"I'll Bay go" with Murray and
Monday matinee and night, Oct 18—
"Parlor, Bedroom and Bath."
Tuesday and Wednesday and Wednes
day matinee. Oct. 14 and 15—Mr,
800 Ditrichstein; Tuesday evening,
"The Marquis de Prlola; Wednes
day, "A Matinee Hero."
High Class Vaudeville—"The Four
Avolcs. an exceptional xylophone
quartet; "The Book Shop," a clever
comedy; Clara Howard, the girl
from France, and two other high
class offerings; also second episode
of "The Fatal Fortune." featuring
Helen Holmes; last half of week,
"The Love Race," a musical comedy
To-day—Positively last showings of
"Ruling Passions," feaeturlng Julia
Dean and Edwin Arden; to-morrow,
Friday and Saturday, Olive Thomas
in "Upstairs and Down."
To-day and air this week—Nazlmova
in "The Red Lantern." one of the
best and most expensive photo
plays ever made.
All week—Douglas Fairbanks In "His
Majesty the American."
j Thousands of people have seen the
| show at the Majestic Theater for the
first half of this
|At the Mnjestlc week and the more j
that see it the more
I popular tills show becomes. It is a
I show that will fulfill anyone's expec
tations of a high class vaudeville of
i fering. High class music. Jazz music,
spicy comedy, singing and dancing
each have their part on the hill.
The Four Avolos, a quartet of ex
ceptionally good xylophone players,
; have a great part on the bill. The
second episode of "The Fatal For
tune," featuring daring Helen
Holmes, is also being shown.
The headliner for the last half of
1 he week will be "The Love Race," a
high class musical comedy with a|
east of eight people, six girl's and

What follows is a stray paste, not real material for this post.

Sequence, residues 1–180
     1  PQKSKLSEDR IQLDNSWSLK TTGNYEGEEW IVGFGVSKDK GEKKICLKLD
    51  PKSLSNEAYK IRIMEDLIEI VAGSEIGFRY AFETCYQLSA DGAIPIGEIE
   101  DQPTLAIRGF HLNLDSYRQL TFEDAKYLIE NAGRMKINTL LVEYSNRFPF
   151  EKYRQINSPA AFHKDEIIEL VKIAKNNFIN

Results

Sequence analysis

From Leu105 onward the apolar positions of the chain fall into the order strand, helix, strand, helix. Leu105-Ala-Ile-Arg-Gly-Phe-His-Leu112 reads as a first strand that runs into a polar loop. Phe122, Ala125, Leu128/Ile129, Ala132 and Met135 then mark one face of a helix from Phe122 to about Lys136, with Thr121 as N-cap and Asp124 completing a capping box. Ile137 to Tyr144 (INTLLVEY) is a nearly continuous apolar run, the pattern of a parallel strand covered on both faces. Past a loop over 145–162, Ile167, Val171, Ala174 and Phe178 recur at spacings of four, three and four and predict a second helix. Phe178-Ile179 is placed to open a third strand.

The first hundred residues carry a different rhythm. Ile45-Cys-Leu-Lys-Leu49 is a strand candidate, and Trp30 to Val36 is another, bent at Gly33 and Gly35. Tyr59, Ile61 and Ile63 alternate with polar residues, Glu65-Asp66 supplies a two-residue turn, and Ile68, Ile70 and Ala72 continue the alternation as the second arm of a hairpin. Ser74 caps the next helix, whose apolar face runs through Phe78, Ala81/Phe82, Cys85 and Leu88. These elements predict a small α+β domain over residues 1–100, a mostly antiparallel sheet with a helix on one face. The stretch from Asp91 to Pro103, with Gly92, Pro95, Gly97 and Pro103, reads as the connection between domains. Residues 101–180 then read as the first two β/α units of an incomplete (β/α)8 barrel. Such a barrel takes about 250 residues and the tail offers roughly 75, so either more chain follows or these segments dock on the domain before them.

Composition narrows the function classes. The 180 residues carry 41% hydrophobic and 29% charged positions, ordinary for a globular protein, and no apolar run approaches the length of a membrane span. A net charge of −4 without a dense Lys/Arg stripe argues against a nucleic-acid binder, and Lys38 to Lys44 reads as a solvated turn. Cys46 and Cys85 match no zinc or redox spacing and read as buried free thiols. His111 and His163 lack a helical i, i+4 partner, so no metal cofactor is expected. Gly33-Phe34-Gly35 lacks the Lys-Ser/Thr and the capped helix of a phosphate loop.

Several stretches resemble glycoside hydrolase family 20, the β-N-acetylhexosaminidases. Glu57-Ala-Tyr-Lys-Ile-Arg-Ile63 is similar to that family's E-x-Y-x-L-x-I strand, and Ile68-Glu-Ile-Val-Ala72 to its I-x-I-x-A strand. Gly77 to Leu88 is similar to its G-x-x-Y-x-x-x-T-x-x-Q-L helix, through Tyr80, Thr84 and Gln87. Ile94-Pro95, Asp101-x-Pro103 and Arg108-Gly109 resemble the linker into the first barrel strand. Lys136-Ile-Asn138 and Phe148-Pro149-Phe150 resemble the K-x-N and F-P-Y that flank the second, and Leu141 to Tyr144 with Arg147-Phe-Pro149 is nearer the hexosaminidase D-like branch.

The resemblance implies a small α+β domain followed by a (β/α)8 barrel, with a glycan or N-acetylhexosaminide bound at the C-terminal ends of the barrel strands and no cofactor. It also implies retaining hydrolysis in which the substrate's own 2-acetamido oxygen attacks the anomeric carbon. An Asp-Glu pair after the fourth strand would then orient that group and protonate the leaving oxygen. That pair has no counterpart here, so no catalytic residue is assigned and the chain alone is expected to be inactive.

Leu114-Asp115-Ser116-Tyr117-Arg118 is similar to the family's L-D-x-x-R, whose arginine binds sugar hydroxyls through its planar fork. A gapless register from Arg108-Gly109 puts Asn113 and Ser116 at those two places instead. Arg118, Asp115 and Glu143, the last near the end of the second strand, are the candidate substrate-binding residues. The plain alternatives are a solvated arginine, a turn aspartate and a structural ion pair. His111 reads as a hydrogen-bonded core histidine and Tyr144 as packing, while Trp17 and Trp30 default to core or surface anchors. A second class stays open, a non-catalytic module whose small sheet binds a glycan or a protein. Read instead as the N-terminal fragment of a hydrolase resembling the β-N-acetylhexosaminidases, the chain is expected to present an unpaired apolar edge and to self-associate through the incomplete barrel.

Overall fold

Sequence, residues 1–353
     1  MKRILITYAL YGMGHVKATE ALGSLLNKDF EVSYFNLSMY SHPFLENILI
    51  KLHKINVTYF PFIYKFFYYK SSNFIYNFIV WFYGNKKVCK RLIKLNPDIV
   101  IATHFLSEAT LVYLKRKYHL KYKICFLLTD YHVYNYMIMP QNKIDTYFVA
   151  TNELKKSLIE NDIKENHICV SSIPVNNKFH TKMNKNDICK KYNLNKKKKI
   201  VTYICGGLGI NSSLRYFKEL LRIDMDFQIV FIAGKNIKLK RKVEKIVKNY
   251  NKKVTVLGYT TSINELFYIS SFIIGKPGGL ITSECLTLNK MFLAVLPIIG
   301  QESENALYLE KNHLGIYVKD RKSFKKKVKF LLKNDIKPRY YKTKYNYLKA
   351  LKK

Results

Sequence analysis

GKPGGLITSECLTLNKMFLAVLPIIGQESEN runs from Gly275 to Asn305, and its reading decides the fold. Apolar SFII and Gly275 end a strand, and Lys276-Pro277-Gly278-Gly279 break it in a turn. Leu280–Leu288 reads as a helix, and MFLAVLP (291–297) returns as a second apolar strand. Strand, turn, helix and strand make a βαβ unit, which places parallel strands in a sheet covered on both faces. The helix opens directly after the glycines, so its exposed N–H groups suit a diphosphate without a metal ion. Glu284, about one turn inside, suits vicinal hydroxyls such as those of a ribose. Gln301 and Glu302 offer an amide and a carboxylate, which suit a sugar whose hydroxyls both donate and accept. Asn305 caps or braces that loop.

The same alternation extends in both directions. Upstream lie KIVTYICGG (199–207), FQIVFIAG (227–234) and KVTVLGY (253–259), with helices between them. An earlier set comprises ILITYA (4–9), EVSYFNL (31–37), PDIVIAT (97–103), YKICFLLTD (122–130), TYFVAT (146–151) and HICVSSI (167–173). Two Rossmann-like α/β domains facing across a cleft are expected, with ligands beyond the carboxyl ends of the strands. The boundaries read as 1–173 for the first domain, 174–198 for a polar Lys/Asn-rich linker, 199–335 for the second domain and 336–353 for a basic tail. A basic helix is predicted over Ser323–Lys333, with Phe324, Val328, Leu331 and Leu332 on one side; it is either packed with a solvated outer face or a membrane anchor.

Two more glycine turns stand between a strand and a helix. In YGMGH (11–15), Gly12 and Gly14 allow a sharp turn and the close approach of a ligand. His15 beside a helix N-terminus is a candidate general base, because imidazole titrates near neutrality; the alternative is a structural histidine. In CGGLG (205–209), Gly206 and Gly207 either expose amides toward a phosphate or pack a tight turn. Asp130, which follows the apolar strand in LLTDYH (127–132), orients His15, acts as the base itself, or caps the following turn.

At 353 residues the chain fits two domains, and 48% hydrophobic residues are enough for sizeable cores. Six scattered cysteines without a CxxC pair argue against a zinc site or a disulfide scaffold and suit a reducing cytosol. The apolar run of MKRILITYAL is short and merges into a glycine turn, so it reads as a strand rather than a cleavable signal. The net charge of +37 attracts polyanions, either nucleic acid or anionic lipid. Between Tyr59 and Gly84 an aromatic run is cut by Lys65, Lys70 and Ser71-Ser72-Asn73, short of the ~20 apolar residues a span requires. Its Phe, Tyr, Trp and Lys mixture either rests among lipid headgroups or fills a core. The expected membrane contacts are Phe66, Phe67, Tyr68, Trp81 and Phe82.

two men.
j "Ruling Passions," the picture now
! playing at the Victoria Theater, fea
turing Julia Dean
■ At the Victoria and Edwin Arden.
has been receiving
I many compliments. The picture is
! somewhat out of the ordinary and is
: staged very elaborately. Hundreds of
people have seen the show so far but
! the crowds are expected to be greatly
j increased to-day. its last showing.
To-morrow. Friday and Saturday
Olive Thomas, the new Victoria The
ister's star, will be shown as a baby
j vamp in her latest production, "Lp
i stairs and Down," an unusual photo-
I play of quality. This picture will
| undoubtedly draw enormous crowds
there for women and children are
urged to attend the matinees 1f pos
sible in order to avoid the enormous
night audiences. A Billy West comedy
will also be shown.
Broadway's successful comedy. "A
X.ittle Journey," which ran for nine
months at the Vanderbilt Theater,
New York, will be the attraction at
the Orpheum to-day matinee and
night In "A Utile Journey" arti
ficial stagey situations or dialogue
are conspicuous by their absence. For
instance, the bulk of the action takes
place on a "Frisco bound Pullman
sleeper. Now whoever took a dis
tance Journey without encountering
at least one traveling salesman, with
a humorous, Jovial disposition. Other
passengers on this imaginative train
are Mrs. Welsh, the tall, portly, so
phisticated lady from New York;
Grandma Bay and her grand
daughter, Lily; Anne, the distracted
unmarried mother and her baby; the
two young college boys returning
home for their vacation; Mr. Smith,
the explosive old grouch, and of